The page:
Personal injury protection, or PIP, is an insurance policy that covers medical bills for you and your passengers in the event of a vehicle accident.
Do you really need personal injury protection? Is it worth it? Should you buy PIP if you already have health insurance? Are you legally required to purchase PIP? Today, we’re answering all of your questions about the value of personal injury protection insurance plans.
What is Personal Injury Protection?
Personal injury protection, also known as PIP, is the part of your car insurance policy that covers medical expenses and work loss for you and your passengers after a car accident.
PIP will kick into effect regardless of fault.
PIP coverage is often required in “no fault” states because it pays for your injuries first, regardless of which driver is ultimately found to be responsible for the accident. In fact, 15 states in America require some level of personal injury protection on all insurance plans. In other states, PIP is optional.
Should You Pay for Personal Injury Protection?
Typically, PIP is ideal for those who meet the following two characteristics:
- You drive around with lots of passengers in your vehicle, including passengers who could hold you responsible for their injuries in an accident
- You don’t have a great health insurance plan
One of the drawbacks of PIP is that it’s far less useful if you already have good health insurance in the United States. That’s because your healthcare costs might already be covered by your healthcare plan after an accident – regardless of fault – which would diminish the value of PIP.
What’s Covered by Personal Injury Protection Insurance?
Personal injury protection covers medical expenses resulting from a vehicle accident, regardless of which driver is at fault. Even if you’re determined to be at-fault for the accident, medical expenses for you and your passengers will be covered up to your policy’s limit.
You can expect PIP to cover many of the same things as health insurance, including the costs of medical and surgical treatment, ambulance fees, medication, and other general medical expenses. These costs will be equally covered for passengers and the driver – nobody in the vehicle receives special coverage.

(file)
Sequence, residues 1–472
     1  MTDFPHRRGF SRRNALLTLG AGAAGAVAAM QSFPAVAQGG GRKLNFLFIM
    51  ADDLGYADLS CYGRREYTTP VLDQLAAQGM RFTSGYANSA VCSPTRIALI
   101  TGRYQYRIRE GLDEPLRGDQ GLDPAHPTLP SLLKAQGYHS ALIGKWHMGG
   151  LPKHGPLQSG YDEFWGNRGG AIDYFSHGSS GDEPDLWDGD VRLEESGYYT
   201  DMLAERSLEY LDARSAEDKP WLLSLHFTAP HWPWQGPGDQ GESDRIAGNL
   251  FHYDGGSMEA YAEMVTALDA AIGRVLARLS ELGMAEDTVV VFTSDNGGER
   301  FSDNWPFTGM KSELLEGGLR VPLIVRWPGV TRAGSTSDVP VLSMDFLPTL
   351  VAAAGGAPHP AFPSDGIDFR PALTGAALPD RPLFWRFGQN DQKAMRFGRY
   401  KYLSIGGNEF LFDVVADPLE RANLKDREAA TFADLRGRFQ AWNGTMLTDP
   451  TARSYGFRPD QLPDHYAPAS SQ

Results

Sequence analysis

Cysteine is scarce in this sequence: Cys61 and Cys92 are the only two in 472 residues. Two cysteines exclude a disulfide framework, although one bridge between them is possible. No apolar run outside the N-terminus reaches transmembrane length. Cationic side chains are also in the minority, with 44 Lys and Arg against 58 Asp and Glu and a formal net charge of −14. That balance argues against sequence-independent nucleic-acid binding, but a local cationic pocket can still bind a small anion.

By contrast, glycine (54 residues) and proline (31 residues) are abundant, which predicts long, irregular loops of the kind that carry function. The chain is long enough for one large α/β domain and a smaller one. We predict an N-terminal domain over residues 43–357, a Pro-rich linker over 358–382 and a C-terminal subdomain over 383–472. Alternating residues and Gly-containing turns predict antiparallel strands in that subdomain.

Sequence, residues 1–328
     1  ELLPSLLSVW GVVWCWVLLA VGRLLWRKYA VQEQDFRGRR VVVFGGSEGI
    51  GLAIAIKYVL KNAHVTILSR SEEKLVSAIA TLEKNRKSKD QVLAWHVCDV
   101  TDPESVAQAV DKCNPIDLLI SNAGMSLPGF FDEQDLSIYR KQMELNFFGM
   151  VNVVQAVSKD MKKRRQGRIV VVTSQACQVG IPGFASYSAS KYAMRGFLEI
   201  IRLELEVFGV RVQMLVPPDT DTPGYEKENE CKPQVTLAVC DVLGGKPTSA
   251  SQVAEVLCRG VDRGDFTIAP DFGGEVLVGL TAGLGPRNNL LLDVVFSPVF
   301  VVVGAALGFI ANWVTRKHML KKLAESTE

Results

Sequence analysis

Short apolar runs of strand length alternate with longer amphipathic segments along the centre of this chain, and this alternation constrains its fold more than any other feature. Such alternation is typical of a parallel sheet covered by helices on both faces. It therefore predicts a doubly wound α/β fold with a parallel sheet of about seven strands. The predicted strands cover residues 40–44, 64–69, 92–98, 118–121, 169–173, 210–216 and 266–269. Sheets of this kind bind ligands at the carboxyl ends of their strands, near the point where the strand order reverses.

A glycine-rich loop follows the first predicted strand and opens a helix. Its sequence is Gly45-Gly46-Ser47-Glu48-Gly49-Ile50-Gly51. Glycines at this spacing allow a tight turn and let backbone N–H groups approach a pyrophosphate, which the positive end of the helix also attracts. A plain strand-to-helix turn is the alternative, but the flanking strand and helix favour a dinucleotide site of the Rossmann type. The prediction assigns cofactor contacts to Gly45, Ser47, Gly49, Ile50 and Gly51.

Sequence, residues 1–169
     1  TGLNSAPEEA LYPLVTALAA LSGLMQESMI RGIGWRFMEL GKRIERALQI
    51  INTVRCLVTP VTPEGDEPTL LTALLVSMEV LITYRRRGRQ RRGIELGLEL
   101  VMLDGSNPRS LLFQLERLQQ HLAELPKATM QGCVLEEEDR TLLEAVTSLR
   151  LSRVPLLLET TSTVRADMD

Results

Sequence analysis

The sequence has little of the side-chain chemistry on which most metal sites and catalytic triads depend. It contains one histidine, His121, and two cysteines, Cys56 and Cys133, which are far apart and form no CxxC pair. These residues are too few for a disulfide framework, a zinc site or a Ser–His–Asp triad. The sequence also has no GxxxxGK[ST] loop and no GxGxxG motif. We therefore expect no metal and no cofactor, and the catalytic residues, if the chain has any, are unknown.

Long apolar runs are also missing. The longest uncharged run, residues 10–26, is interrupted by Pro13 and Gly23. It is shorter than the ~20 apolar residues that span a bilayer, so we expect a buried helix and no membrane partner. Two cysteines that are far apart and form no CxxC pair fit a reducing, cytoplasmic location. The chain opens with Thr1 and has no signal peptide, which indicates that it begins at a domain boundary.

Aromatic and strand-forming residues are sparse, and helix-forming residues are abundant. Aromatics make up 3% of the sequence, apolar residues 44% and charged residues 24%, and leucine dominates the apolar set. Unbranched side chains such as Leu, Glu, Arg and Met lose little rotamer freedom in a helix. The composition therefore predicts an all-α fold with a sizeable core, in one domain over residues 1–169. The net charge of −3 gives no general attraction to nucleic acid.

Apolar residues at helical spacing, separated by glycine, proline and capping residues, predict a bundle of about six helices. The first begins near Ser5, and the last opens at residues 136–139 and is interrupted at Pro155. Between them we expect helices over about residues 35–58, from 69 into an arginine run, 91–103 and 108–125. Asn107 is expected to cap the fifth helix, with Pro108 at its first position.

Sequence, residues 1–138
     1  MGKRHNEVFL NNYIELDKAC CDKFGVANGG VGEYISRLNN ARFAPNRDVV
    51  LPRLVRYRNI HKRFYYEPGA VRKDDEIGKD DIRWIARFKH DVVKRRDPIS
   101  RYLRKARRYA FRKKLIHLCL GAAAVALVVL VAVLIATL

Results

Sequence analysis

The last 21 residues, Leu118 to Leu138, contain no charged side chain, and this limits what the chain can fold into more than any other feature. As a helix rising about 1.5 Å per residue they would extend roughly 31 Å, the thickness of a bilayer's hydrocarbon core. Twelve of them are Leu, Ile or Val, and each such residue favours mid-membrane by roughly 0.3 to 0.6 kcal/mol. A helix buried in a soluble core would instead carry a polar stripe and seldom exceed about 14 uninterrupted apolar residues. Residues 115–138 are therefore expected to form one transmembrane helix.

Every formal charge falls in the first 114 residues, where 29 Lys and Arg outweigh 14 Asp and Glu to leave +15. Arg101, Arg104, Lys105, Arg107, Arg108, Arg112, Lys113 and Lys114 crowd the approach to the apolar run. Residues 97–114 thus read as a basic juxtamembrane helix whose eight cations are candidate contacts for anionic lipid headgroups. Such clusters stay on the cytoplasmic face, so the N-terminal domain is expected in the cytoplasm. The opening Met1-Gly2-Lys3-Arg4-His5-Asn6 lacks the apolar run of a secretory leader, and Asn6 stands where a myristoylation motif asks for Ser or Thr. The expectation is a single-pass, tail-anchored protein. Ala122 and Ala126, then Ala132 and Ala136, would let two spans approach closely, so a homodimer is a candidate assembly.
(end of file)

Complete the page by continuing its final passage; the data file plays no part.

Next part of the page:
PIP can also be used to recover lost wages – say, if you miss work because of injuries sustained in a vehicle accident. Some personal injury protection plans will also cover the costs of rehabilitation and therapy.
How Much Does Personal Injury Protection Cover?
In other states, PIP coverage varies widely.
Do I Need to Purchase PIP Insurance?
15 states in America require drivers to have PIP insurance at all times.
The 15 states that require PIP insurance include Delaware, Florida, Hawaii, Kansas, Kentucky, Massachusetts, Michigan, Minnesota, New Jersey, New York, North Dakota, Oregon, Pennsylvania, Texas, and Utah.
PIP is also required in Washington, D.C. and Puerto Rico.
In all unlisted states, PIP is optional. You’re not required to have PIP on your vehicle insurance policy.
How Much Does Personal Injury Protection Insurance Cost?
Personal injury protection insurance costs vary widely depending on all of the factors you would expect – like driver demographics, the vehicle’s age, and your history of claims. Compare insurance quotes in your area to check how much personal injury protection could cost you.
In general, PIP will raise the cost of your insurance policy 5% to 15% when purchasing $1,000 to $10,000 of PIP coverage. If you spend $600 on insurance each year, for example, then approximately $50 to $75 of it might go to PIP.
I Already Have Health Insurance. Do I Need Personal Injury Protection?
If you already have health insurance, then personal injury protection is likely redundant. The two insurance policies mostly cover the same things.
However, personal injury protection may still be very useful even for those with good health insurance. Personal injury protection covers additional expenses like deductibles, dental treatments, and funeral bills, for example. It can also cover medical expenses for other people in the vehicle – something your healthcare insurance typically does not cover.
Another unique advantage of PIP is that PIP coverage is a non-taxable payment. You don’t have to pay taxes on PIP payments. Short-term and long-term disability policies are taxable.
It’s also important to note that certain states – like New Jersey and Michigan – have provisions that ensure your PIP coverage will work in conjunction with your health insurance policy. For example, if you’re injured in a car accident in Michigan, then your health insurance policy may cover your physical injuries while PIP is responsible for your economic losses – like lost wages. Through this system, you can maximize policy coverage and maximize your compensation.
Personal injury protection can provide valuable coverage above and beyond your health insurance policy and your existing car insurance. Compare insurance quotes to determine if PIP is the right choice for you.